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Belt or Suspenders: Which Is the Green Choice?

In this holiday season of shopping and feasts, Back Market suggests keeping the environment in mind as you make your purchases! A few pieces of advice to help the planet won’t cost you a penny, so let’s consider the environmental perspective on a few products and the way we use them. Ready, set, GO! Wait, no, come back…

With Christmas fast approaching, you might be thinking about buying an artificial tree in order to cause less pollution. Indeed, since they’re intended to last a number of years, that would avoid cutting down some of our lovely tree friends. That’s true, and yet… a real tree pollutes much less! First of all, the artificial tree is a nasty hodgepodge of metal and plastic (in other words, oil). Second, as they’re often made in Asia or some other far-off land, they’ll need to travel via plane and truck to get to you. A natural Christmas tree, on the other hand, is made of real wood, has been contributing to photosynthesis, is not processed, and, if it was grown fairly close to the point of sale, requires far less transportation. Its environmental impact is, on average, three times less severe! Conclusion: Make the natural choice and buy a real tree that was grown near you!

aliis-sinisalu-70432-unsplashAre you hesitant to put an e-reader under the tree? Which pollutes less: a digital device or books on paper? It all depends… on the reader! As it turns out, if you read more than 40 books per year, the environmental impact of the e-reader is less than that of books printed on paper! If you take a single book as the point of comparison, the paper book is the clear winner, generating only 1.3 kg of CO2, compared with about 200 for the electronic device. However, nobody buys an e-reader to read just one book; you’ll read hundreds! Over time, no worries here: The e-reader takes it away!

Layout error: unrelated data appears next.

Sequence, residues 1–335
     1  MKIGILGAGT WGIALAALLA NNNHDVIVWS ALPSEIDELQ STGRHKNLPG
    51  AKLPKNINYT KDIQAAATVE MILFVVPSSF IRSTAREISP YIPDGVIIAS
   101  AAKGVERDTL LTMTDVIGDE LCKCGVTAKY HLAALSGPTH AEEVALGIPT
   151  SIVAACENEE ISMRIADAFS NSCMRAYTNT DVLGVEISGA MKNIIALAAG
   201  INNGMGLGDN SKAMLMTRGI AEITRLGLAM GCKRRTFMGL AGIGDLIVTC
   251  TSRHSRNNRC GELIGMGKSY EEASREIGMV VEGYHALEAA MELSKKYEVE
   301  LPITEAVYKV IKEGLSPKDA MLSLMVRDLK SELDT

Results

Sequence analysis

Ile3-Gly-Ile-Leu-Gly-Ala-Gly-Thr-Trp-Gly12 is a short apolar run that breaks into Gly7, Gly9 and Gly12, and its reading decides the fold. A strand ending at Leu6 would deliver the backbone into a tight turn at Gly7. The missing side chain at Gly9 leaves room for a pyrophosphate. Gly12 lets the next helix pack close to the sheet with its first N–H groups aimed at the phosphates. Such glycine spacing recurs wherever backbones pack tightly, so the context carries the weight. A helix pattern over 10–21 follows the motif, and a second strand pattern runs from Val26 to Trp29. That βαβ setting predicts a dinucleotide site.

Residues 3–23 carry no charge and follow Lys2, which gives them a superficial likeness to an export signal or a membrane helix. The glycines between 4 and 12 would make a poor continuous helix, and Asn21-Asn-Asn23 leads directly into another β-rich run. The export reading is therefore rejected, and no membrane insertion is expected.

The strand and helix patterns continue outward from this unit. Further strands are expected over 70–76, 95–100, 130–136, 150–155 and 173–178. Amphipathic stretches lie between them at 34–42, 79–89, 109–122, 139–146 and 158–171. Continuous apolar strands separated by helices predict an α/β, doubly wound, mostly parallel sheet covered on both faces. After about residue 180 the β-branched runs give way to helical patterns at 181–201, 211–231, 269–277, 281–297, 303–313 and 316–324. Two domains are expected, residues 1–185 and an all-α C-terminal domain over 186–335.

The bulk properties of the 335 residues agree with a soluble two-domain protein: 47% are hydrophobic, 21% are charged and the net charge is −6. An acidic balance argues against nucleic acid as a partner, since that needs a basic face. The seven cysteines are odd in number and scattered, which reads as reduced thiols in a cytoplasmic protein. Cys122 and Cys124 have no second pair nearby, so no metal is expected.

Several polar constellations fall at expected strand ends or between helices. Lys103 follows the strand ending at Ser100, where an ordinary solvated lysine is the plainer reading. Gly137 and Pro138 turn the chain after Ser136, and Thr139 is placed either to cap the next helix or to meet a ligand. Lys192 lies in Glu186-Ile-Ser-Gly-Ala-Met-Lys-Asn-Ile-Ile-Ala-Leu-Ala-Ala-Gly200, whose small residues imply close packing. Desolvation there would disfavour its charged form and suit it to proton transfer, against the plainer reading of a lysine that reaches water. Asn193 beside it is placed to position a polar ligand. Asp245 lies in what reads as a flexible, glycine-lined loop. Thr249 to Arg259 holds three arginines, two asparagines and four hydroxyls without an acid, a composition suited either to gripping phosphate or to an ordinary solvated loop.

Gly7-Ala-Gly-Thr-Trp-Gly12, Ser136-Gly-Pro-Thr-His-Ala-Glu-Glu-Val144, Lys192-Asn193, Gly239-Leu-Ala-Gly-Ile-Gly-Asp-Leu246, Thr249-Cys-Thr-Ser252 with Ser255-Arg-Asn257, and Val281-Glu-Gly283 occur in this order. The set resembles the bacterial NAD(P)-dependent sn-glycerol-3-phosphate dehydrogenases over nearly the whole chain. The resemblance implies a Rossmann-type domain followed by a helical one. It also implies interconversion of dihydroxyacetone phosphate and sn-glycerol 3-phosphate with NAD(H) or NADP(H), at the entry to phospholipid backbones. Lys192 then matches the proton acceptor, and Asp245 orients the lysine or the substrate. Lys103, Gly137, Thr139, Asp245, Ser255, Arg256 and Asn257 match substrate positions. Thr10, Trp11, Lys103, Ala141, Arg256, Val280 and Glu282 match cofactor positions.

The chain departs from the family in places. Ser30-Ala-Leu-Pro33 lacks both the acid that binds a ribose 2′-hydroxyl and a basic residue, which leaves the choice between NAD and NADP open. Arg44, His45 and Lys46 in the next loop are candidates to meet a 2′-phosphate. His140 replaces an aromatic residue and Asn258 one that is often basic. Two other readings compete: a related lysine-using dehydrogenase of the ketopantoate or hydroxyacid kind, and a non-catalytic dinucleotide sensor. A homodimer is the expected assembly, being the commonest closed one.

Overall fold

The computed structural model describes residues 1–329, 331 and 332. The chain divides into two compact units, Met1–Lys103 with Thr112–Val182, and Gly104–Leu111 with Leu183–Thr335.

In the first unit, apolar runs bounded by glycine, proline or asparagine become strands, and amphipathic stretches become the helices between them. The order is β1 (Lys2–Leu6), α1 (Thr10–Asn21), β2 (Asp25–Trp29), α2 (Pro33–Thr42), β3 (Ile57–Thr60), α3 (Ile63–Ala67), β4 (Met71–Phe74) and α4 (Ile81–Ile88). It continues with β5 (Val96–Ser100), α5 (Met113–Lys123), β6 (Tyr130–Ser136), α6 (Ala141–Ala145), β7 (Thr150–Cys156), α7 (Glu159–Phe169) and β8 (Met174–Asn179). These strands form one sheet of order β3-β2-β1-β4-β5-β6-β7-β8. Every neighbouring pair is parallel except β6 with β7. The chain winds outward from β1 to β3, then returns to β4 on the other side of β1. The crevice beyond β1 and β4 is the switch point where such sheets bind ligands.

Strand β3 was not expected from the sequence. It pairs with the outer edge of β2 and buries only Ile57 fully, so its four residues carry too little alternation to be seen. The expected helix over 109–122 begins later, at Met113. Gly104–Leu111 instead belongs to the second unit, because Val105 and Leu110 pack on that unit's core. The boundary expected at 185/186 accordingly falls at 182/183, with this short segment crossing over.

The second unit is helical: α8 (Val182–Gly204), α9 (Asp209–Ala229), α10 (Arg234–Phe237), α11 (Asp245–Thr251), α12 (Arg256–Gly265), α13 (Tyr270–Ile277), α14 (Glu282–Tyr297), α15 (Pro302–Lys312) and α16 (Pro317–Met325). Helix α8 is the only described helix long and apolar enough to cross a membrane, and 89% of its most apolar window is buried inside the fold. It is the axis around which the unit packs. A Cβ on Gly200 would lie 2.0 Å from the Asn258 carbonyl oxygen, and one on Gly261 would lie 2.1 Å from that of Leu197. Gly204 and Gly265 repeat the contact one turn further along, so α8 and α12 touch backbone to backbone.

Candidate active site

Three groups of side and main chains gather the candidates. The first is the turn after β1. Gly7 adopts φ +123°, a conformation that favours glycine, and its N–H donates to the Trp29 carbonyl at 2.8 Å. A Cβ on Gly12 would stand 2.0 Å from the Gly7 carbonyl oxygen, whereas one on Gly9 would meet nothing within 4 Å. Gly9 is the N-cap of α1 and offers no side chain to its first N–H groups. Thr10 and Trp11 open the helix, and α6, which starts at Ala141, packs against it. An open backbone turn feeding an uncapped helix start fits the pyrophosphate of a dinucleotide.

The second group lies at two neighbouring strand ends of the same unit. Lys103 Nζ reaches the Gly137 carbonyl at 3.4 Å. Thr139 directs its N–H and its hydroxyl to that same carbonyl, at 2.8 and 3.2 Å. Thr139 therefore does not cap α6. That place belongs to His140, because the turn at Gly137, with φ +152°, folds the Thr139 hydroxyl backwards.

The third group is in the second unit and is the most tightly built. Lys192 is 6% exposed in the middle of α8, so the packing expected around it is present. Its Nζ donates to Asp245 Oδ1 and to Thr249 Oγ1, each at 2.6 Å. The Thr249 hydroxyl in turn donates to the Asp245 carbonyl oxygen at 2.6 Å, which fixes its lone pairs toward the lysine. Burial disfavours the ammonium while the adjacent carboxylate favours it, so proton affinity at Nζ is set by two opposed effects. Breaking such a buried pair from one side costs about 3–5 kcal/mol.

brooke-lark-191659-unsplashAfter a big holiday meal, you’re stuck with a mountain of dishes to wash! (Nooooooooo!) So which is better for your environmentally-friendly conscience: doing all the dishes by hand or firing up the dishwasher? If you have latest-generation equipment, it can save a lot of water and electricity, so it ought to be your first choice. And if Uncle Bob still puts up resistance to the newfangled dishwasher, tell him that doing the dishes the old-fashioned way consumes more water (on average, 3.5 times as much) and more electricity (2.5 times as much), since the water also needs to be heated! Besides, a dishwasher can be programmed to run at off-peak times and in “eco-mode.”

 

When all is said and done, it’s not always easy to make the best eco-friendly choice between “natural” and “high-tech” options. Just asking the right questions is the first step in revealing the truth!

 

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